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    Need for a nut-case team

    Fatih Özatay, PhD25 January 2009 - Okunma Sayısı: 1350

     

    Among the most unpleasant aspects of this crisis for Turkey is that it creates a great ambiguity that we cannot and will not be able to control. Measures are taken throughout the world, one after another. Nonetheless, the pessimistic climate is not disappearing. It seems like it is beginning to disappear, but the optimism lasts only for a couple of weeks. After that, new unfavorable developments appear, some people or countries are getting into trouble and the world is becoming covered by a new pessimistic climate. This implies a great ambiguity regarding what tomorrow will bring.

    This is one of the differences of this crisis from the 2001 crisis for Turkey. It is impossible for Turkey to eliminate the ambiguity by means of the economic policies to be implemented. Of course we can decrease the damage to be created by this ambiguity via correct policies; however, it seems that the ambiguity will remain right there. In opposition to this, eliminating the damage created by the 2001 crisis depended solely on the steps we could take.

    Furthermore, the global crisis can continuously change its shape making the policies suggested in an earlier phase of the crisis insufficient or completely dysfunctional. And this in turn requires flexibility in the design of economic policies.
    The global scale of the crisis and its ability to change shape implies that we are going through an extraordinary period. And extraordinary periods require extraordinary measures. This is another distinctive feature of the current crisis.

    We were able to and did get through the 2001 crisis with stability and restructuring policies. It is doubtless that there existed major challenges back then: There existed big discussions even about the necessity for stability and restructuring policies. Significant storms were weathered during both the designing and implementation of the economic program.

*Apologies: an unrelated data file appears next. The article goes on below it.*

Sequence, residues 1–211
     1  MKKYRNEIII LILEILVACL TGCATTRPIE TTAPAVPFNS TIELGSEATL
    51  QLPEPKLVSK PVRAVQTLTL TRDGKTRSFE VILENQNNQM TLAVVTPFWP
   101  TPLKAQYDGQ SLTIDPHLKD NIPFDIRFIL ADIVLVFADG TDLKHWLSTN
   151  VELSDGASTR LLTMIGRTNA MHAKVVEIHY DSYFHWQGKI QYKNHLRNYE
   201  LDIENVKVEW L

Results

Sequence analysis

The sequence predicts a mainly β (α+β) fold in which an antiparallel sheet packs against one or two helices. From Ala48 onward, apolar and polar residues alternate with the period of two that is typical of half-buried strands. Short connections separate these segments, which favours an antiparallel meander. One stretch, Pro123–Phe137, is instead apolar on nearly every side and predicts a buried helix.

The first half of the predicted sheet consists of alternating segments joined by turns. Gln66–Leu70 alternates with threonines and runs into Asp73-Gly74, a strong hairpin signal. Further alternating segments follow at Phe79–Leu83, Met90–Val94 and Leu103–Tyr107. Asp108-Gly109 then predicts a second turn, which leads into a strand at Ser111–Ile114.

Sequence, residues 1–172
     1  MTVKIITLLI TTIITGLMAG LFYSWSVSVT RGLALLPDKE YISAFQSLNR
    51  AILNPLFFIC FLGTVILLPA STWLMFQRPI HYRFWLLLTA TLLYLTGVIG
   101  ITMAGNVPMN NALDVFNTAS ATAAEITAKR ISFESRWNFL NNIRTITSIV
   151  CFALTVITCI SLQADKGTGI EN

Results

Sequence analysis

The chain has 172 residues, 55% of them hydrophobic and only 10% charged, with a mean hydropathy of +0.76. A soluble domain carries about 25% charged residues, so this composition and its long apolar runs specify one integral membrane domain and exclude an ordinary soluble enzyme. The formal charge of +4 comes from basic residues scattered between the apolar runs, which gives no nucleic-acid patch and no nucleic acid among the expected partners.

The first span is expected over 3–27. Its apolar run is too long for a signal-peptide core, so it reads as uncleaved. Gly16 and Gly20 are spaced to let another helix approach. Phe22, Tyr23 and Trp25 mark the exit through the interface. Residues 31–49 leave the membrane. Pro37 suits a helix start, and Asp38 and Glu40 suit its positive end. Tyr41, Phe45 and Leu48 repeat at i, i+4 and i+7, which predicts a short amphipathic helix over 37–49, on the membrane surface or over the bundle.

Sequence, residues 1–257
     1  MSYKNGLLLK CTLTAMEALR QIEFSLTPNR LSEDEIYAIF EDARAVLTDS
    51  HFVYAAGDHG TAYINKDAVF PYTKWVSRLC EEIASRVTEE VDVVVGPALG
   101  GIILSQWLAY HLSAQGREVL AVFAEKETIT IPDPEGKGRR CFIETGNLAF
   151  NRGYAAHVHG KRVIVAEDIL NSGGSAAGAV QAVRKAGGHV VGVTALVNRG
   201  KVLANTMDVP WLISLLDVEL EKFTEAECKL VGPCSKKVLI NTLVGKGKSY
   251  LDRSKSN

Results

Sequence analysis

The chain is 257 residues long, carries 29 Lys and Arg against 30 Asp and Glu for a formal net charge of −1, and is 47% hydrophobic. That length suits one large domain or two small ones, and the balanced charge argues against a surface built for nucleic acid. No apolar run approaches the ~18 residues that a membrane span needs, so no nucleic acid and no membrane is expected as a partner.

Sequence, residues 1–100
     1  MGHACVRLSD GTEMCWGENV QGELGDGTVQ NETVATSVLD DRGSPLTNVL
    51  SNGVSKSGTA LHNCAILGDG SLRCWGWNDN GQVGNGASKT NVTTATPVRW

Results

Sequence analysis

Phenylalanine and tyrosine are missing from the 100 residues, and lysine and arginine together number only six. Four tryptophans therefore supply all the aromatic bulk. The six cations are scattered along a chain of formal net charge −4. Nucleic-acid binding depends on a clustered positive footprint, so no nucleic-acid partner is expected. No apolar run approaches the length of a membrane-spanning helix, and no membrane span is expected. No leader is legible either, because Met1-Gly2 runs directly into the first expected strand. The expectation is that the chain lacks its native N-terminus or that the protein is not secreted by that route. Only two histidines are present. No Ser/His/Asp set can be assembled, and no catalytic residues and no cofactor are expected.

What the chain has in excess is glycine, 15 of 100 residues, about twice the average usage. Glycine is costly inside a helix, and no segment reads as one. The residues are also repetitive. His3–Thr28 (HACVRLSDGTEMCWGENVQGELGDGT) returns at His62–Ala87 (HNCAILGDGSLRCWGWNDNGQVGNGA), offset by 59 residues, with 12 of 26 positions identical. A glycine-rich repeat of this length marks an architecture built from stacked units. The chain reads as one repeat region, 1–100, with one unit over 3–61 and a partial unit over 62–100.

However now, it is per se an issue even to "imagine" unusual measures. Besides, it requires significant effort to proceed from the imagining phase to the design of a workable policy. Explaining the design and making it accepted by the administration and then implementing it safe and sound can often become a nightmare.

    In this column, I commented on this issue sometimes with complaint. It will be familiar for those regularly reading my columns: In Turkey, it is per se an issue to design a conventional economic policy. Comprehensive economic policies are introduced in general when there is no other remedy, i.e. when it is impossible to preserve the status quo for instance, in periods of crisis. However, the duty to design of the critical parts of the programs is assigned to 'the others'. Unfortunately, we are giving the impression that "we are the citizens of a country that cannot design economic policies alone".

    However, we can design policies alone. We can unlike the fact that an extraordinary program is required. We can even the new shapes of the crisis impose different policies. It is crystal clear that we need a small group that focuses solely on the crisis without wasting time for the bureaucratic formalities and disputes. There are a number of qualified personnel in the Central Bank, Treasury, Banking Regulation and Supervision Agency, State Planning Organization and the Ministry of Finance trained specifically for such a work. Such a team can be formed of the qualified personnel that is to be 'stolen' temporarily from the aforesaid agencies and that will not hesitate stating 'nut-case' ideas.

     

    This commentary was published in Radikal daily on 25.01.2009l

     

     

     

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